Ureteroscopy

Diagram of ureteroscopy and laser lithotripsy

Ureteroscopy involves the use of a small flexible or rigid device called a ureteroscope to directly see and treat stones. The ureteroscope device, which provides a video image and has small “working” channels, is inserted into the bladder and up the ureter until the stone is encountered. The stone can then either be broken up with a laser fiber or pulled out using small baskets that are inserted into the working channels. The advantage of this type of surgery is that the body’s normal openings are used and no incisions are necessary. A photo of a flexible ureteroscope and a video of ureteroscopy with laser lithotripsy is shown below.

Diagram of ureteroscopy and laser lithotripsy

Flexible ureteroscope treating a stone in a kidney

Ureteroscopy often a good option for small stones in the ureter or kidney. Its success rate at clearing these types of stones is generally higher than that for shockwave lithotripsy. Compared with shockwave lithotripsy however, it may associated with increased discomfort after surgery, especially when a stent is required. Ureteroscopy also does  not always work as well with very large stones, as the small size of the instrument makes it difficult to completely treat and remove such stones. In these cases a percutaneous approach may be preferable. For more information on comparing the surgical options for kidney stones, see our comparison chart.

 

Fast facts about ureteroscopy:

  • Typical operative time: 1 hour
  • Usual hospital stay: Usually none, ureteroscopy is outpatient surgery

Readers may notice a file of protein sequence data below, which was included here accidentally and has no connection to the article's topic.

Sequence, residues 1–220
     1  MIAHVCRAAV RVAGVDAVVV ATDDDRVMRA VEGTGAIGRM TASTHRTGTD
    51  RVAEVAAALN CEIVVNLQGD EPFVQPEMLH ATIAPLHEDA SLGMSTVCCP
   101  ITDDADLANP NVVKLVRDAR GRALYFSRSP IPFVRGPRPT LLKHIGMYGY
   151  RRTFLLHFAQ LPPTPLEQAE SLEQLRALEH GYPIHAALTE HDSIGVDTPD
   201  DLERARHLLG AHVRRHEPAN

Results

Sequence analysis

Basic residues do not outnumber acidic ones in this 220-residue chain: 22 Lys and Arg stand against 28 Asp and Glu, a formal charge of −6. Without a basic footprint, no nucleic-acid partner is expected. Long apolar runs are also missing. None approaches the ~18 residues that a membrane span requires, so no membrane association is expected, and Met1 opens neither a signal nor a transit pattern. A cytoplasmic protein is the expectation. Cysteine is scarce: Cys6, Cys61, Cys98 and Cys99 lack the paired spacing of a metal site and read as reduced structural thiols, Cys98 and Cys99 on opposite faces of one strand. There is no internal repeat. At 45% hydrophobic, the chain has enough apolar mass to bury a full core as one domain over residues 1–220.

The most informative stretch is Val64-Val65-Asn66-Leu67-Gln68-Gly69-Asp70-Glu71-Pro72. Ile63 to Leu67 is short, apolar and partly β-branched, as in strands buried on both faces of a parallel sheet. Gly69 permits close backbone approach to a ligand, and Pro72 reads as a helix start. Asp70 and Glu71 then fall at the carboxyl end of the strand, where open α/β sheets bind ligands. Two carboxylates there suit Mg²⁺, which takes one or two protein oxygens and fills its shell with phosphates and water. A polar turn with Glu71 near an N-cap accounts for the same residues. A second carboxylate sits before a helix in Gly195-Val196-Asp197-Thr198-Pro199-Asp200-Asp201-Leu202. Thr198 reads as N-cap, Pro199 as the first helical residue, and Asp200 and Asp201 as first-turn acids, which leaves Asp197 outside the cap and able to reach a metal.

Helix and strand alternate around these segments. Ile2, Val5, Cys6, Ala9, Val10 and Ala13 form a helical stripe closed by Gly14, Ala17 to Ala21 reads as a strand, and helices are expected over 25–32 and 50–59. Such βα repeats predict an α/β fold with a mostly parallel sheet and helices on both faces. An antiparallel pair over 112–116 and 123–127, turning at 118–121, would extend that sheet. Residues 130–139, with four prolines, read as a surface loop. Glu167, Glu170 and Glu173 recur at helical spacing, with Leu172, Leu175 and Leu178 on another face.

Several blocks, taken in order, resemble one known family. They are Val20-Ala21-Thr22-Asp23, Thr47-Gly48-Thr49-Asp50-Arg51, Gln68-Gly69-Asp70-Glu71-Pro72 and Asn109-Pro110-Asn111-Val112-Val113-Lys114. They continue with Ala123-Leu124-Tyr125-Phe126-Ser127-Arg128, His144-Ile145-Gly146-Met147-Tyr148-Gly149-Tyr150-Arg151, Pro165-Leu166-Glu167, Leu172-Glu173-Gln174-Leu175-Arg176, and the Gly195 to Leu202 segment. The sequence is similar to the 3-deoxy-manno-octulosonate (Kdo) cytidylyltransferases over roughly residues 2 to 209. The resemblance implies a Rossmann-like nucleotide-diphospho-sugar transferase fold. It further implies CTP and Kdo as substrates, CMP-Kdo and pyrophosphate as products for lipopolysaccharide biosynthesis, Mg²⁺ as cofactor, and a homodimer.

• Average number of days before going back to work: 8.5 days
  • Average number of days before feeling back to normal: 15.6 days

Data regarding return to work and recovery from a study by Pearle and colleagues, Journal of Urology, 2005.

Ureteroscope closeup photo

Photo of a ureteroscope next to a pen

 

Video of flexible ureteroscopy and holmium laser lithotripsy in a patient with multiple large uric acid stones.

231 Responses to Ureteroscopy

  1. Rob Riddel says:

    Date: 7/24/16.
    I am a 55 year old male. I had a 6mm x 10mm stone removed 5 days ago with laser treatment and then they installed a stent. My procedure lasted 70 minutes. They sent me home with prescriptions (Morphine for pain), but it was so late to have them filled, the pharmacy where I lived was closed. So I relied on taking left over oxycodene pills I had from my ER visit a few days before the surgery. Big mistake. The pain I experience after the surgery was 5 times greater than the actual kidney stone pain. The burning during urination was so bad, I panicked every time I had to urinate. Today is day 5 and I feel fine. I have to have the stent removed in a week from now. I am not looking forward to that. Drink plenty of water. One thing I have to mention that helped me with the pain. The first night after my surgery was the worst ever. Up all night. I used heat patches on my back to alleviate the pain. It worked for me somewhat. I recommend trying these options because they worked for me. I downloaded an app on my cell phone that reminds me to drink a glass of water. Works great. Good luck all.

Leave a Reply

Your email address will not be published. Required fields are marked *